"This would … appear to be a satisfactory resolution to the problem."
The words came from Lord Domnall Greengrass, Head of the Noble and Most Ancient House of Greengrass. They were addressed to the two heads on the trestle table before him, both still slick with seawater.
Leaning on an eagle-headed cane, the old lord squinted at them over cut-diamond spectacles. One gnarled hand twisted off the cane's head and drew out a slim oak wand. "I shall test that appearance. Revelvera."
Both heads wouldn't technically have been required, but Judith believed in a belt-and-braces approach to claiming her just due. She hovered nearby, taking advantage of the roaring fireplace in Greengrass Manor's great chamber to dry off slightly. A charred log pressed beneath the weight of burning wood finally crumbled away; and a new log was spat in from empty air to replace it, raising a gust of heat and cloud of sparks.
"Finite." Lord Greengrass brought another counter-spell to bear, filling the room with a brief flash of light and rocking the heads slightly. Judith ignored him, and took stock of the manor's innards.
Statues had stood at attention in the long hallway outside alongside guttering torch brackets. Inside the great chamber itself, tapestries and paintings decked the high walls, all of them some illustrious ancestor of the Greengrass's. The figures within either moved according to their own painted motions, or had stopped for a moment to watch the delivery of the heads. More than a few of the latter were regarding Judith with distaste.
Judith recalled Lord Greengrass's son, Ioan Greengrass, as a prefect when she had first started at Hogwarts. This seemed exactly like the place that would have spawned him; rich, frivolous, and completely self-absorbed. She itched to get her reward and leave.
That, and all the counter-spells in the name of her assumed-crookedness were starting to grate.
However, Lord Greengrass seemed satisfied with three, and glanced around at Judith. "Genuine nuckelavee heads. I suppose Lady Prince's recommendation had some bearing behind it."
Lady Prince, Head of House Prince, had been bereft to the tune of an enchanted necklace, which Judith had been happy to seek out for her and happier to be rewarded for doing so. Adding another note to her reputation hadn't hurt either, and Judith bit back her annoyance and said "You're welcome."
"You're welcome, my lord," replied Lord Greengrass, sounding bored as he turned back to the heads. "An unpleasant business, when muggles start turning up dead and half-devoured on one's property. It attracts unwanted attention from interlopers. My commendations for your assistance. I suppose you'll be due a reward." His nose wrinkled ever-so imperceptibly while he spoke; Judith still had the distinct aroma of nuckelavee about her.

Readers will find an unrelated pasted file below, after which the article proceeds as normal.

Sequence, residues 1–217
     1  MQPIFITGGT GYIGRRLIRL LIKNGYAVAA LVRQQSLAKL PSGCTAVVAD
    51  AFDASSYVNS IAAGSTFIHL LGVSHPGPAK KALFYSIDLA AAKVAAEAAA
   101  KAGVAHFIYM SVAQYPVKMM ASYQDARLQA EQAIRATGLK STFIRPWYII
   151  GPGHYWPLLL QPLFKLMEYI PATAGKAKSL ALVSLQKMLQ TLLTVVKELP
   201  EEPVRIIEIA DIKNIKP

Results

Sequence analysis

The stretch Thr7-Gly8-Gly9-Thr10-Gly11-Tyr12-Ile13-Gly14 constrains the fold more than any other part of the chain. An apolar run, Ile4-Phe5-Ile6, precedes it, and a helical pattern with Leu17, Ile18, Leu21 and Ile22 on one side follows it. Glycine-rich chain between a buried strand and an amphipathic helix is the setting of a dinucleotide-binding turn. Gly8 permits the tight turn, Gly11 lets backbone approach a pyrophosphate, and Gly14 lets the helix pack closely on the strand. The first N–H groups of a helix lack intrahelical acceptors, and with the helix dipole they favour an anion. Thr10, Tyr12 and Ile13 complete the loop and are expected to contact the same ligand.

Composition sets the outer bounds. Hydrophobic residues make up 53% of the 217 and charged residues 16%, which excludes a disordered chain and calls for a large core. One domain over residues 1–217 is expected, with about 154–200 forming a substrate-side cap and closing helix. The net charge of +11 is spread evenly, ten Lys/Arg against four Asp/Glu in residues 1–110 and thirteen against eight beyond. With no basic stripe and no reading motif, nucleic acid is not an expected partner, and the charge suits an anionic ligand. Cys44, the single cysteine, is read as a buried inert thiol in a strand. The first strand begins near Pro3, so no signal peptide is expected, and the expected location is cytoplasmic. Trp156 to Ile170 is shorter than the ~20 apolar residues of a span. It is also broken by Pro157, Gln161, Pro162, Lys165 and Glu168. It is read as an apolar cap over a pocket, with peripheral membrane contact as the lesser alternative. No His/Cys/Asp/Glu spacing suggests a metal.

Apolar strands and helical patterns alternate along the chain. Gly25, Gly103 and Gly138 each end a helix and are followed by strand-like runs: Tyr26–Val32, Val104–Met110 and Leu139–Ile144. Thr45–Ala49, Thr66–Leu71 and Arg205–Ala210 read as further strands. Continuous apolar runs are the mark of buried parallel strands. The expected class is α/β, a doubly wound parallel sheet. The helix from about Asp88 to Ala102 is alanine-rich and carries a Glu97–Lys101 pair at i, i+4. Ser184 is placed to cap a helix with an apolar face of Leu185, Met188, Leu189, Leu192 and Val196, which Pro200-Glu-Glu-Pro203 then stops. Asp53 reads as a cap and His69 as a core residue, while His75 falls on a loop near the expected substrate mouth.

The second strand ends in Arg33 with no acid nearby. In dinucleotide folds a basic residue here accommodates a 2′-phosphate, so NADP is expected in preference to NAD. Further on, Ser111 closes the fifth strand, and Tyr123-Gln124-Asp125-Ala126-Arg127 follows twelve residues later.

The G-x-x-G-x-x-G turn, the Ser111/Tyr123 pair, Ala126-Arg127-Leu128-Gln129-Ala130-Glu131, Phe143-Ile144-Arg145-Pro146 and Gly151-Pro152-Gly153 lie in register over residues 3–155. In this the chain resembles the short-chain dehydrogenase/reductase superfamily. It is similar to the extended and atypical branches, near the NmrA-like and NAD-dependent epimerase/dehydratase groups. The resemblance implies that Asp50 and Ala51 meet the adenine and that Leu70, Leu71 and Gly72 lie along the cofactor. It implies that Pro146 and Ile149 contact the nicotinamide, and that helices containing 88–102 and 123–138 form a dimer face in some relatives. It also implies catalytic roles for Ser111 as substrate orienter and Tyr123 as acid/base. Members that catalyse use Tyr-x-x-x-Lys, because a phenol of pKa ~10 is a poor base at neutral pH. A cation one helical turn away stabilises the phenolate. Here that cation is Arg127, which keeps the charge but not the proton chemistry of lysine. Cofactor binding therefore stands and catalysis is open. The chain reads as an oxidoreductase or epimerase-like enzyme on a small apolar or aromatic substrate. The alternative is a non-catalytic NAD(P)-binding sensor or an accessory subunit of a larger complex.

"Compensation to the sum of ten Galleons and fifteen Sickles was agreed upon, my lord. With additional monies for a speedy resolution." It was a good reward for the effort put in, and Judith had a good memory for those sorts of figures.
"Just so. Two additional Galleons seems fair." With a flick of his wrist, Lord Greengrass drew a small money purse out of nowhere and opened it up. Glancing inside, he began picking out and casually flicking aside coins.
She could have pressed him for more, Judith knew, but she wouldn't have been likely to get it. She was lucky that the agreed-upon extra was being remembered at all. Coming from this bastion of purebloodedness, she was probably lucky that she wasn't being expected to take the honour of having served her betters as payment.
"There," said Lord Greengrass, finishing his subtractions and tossing the purse over to Judith, who snatched it just in time to stop it sailing into the fireplace. "That should be adequate recompense. And that should conclude our business."
Judith slipped the pouch into her moleskin pouch, and went through the routine courtesies and fare-thee-wells as were appropriate from a retained commoner to a noble. She could probably have done them in her sleep; she'd taken jobs for entirely too many wizarding lords, and politeness was expected if you were to stand a chance of getting them in future.
Greengrass merely grunted his dismissal, and summoned a house elf to escort her out. It was a long trek down the long corridor again, under the eyes of dozens of dead lords and ladies; and when a night wind blew across her and the manor's door slammed shut behind her, she couldn't help but heave a sigh of relief.
Above her, the drizzling darkness was patched with stars, giving paltry illumination to the flat, grassy landscape before her. Beyond, a dark expanse of water that shimmered under the starlight, past sheer cliffs that fell straight down to the sea.